Tuesday, 16 December 2014

Weren't The Smallholders Small Years A Go? Part 2.


"Didn't we almost have it small?"  

I could have wrote those lyrics for a famous Whitney Houston song, couldn't I?  

Any road.  The NEW hen house (no longer used for hens) door is now installed and it's even been given a coat of red oxide paint.  Number one son cannibalized (cut down and welded) a door and fixed it into place.  We were 6 inches (15 centimetres in new gas meters) short.  So he sent me to look round the smallholding for another piece of corrugated iron.  I remembered (light bulb moment) using one for part of a compost heap. 

So I set off to the plot (it's about fifty feet away) with my trusty English shovel, (the long handled Celtic shovel was having a day off) and did dig like a terrier looking for a rat and did push and shove and extracted the still intact corrugated sheet.  Then number one cut it to the right size and text screwed it into place.  Then I painted the sheets red and looked back at our work.  

Not bad for under a tenner and it will (should do) last me out.  We just need to attach a piece of rubber (piece of a car tyre) on the bottom of the door to stop Tom getting in.  Many many footsteps have worn the floor down.  Did I tell you about Tom?  I met him in the summer when we were making one of the gate entrances to the fields with the digger.  Silage contractors tractors and machinery are getting bigger (like the round bales) every year.  Soon they will be bringing the Ark Royal on wheels to cut your hay or silage.  

The door is complete.  Lets hope Tom doesn't get in.  Can you guess who Tom is?

13 comments:

  1. Very useful son you have there Dave. Door looks good. Tom? fox, pine marten, rat?

    ReplyDelete
  2. Hi Anne. He's very practical. Far more more practical than me. Tom is a lad with a pointed nose and a very long tail. He nearly scared the life out of me when number one son tore into a earth bank with the digger bucket and this two foot long black creature started legging it towards me. The lads called him Tom and often ask me if I have seen him lately. I haven't and I don't want to see him or his wife and family. Thanks!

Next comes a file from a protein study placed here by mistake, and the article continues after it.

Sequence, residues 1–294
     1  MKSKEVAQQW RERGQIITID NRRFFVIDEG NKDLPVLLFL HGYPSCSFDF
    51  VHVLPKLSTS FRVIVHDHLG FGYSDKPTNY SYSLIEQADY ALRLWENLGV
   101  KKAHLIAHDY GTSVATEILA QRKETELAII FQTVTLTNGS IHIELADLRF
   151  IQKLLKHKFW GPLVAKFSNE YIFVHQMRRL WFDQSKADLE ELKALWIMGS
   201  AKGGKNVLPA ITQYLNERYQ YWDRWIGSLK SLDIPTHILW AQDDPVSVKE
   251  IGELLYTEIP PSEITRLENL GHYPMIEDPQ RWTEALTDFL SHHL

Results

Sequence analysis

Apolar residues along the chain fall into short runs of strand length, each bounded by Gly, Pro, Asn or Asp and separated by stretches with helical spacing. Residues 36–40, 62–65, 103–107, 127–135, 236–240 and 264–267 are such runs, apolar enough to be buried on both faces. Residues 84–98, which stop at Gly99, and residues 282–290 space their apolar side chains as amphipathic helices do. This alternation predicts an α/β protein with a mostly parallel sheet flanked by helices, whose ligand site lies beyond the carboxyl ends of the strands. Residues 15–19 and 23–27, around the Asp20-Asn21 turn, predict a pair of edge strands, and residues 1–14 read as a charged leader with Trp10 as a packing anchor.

ReplyDelete
  3. Good stuff Dave, can your son cross the water and sort my house out please :)
    Twiggy

    ReplyDelete
  4. No problem Twiggy. Can you please send him back with lots of bottles of Ben Shaws minerals and copious amounts of Old Peculier?

    ReplyDelete
  5. Hey Dave, please dont tell me it is a rat!

    ReplyDelete
    Replies
    1. Rattus Norvegicus I am afraid to say, Sol. The joys of rural living or not? Thanks!

      Delete
  6. Hmm, I'm flummoxed as to Tom's identity. I was thinking Snake but he couldn't leg it towards you and would be sleeping now. More clues please Dave :o)

    ReplyDelete
    Replies
    1. Hi CT. I have just told Sold the identity of the black legged creature with the long tail. There are no snakes in Ireland because St Patrick drove them out.

      What did St Patrick say when he drove the snakes out of Ireland?

      "Are you alright in the back lads?"

      Sorry I had to tell you that one!

      Delete
  7. Booking Number One Son in for a spot of DIY down here in SW France when he has time! And I have a picture of you in my head 'digging like a terrier', which is likely to stay with me today! You made me smile, and for that I thank you.

    ReplyDelete
  8. Hi Vera. Thanks! Twiggy wants him in Yorkshire and you want him in France. It sounds like he is going international, "West Cork, West Yorkshire and France".

    Glad I made you smile Vera. I thank you for your kind comments!

    ReplyDelete
  9. Two feet long Dave? Have you been kissing the Blarney Stone?

    ReplyDelete
  10. I didn't stand around to measure the rat, Anne. Just type: 'Rats the size of cats' in Google and you will see the article in the Daily Mail about the enormous rats invading England and Ireland. Experts are blaming the growth on takeaway food outlets. The rat I saw black and was over 18 inches including it's tail. I have been to Blarney here in County Cork but never kissed the stone.

    ReplyDelete